A book by David Sheff detailing Nintendo's path in becoming (at the time it was written) the biggest video games company ever.
The book begins by tracing back the family of the current Nintendo boss, Hiroshi Yamauchi. The company was founded in Japan by Hiroshi's great grandfather, Fusajiro Yamauchi, in 1889, when it used to make hanafuda or playing cards. Hiroshi had a somewhat interesting childhood, with his father running away and leaving him when he was five. His mother, disgraced, (since divorce was nearly unheard of in Japan) moved in with her sister, while Hiroshi moved in with his grandparents, who were running Nintendo. When he found out that his father he had been taught to hate had died, he mourned for months - and it was said that a part of him never healed.
Troubled or not, though, Hiroshi is clearly a very shrewd businessman - the book charts him having 3 different R&D teams, each lead by a different designer (Gumpei Yokoi, Masayuki Uemurra and Genyo Takeda) and with a fierce sense of inter-team rivalry which spurred everyone on to creating more playable games and more ingenious hardware. He could apparently tell if a product would sell just by looking at it - not a man for a second opinion.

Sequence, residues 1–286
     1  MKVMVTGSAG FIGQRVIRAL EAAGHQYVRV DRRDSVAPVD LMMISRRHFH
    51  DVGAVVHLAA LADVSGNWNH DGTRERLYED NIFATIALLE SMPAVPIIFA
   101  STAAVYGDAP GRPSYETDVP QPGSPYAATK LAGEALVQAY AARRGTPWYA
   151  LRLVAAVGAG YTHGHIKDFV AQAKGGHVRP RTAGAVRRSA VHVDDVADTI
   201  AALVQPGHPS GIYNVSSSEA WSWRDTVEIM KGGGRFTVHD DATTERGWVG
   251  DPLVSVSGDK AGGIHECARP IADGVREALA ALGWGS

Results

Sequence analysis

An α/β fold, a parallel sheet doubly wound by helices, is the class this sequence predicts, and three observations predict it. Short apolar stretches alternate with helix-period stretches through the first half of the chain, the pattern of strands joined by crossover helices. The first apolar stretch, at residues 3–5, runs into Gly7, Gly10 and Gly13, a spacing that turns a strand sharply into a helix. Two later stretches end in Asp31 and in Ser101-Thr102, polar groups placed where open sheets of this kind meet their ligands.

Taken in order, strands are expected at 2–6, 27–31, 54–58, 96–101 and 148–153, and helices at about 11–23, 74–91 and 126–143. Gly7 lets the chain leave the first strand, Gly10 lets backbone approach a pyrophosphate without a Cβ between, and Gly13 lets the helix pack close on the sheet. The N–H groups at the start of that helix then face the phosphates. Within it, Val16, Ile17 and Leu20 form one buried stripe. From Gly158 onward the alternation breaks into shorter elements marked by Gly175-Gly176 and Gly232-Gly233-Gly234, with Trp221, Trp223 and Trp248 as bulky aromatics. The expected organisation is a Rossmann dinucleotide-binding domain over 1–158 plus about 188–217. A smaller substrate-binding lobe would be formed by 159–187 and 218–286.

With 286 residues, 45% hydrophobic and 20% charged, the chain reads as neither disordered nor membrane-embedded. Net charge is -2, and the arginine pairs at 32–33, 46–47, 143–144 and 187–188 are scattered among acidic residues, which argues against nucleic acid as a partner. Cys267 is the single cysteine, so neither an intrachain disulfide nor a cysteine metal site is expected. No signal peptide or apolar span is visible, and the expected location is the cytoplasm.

Undoubtedly the man's greatest moment of genuis was hiring Shigeru Miyamoto on instinct alone - a good decision, you might say.
The book is very comprehensive, and goes on to cover Nintendo breaking into the American Market, the Game Boy, getting the rights to publish Tetris, ending with the introduction of the Snes. Overall, If you've ever wondered how Nintendo made all the money (because it must have had a lot in the bank to have not gone bust when the N64 flopped compared to the Playstation), or if you just want to know who designed your favourite game, you have to get this book - it's the best written book on games I've ever read.
yerricde says "During the N64 flop years, the Game Boy carried Nintendo."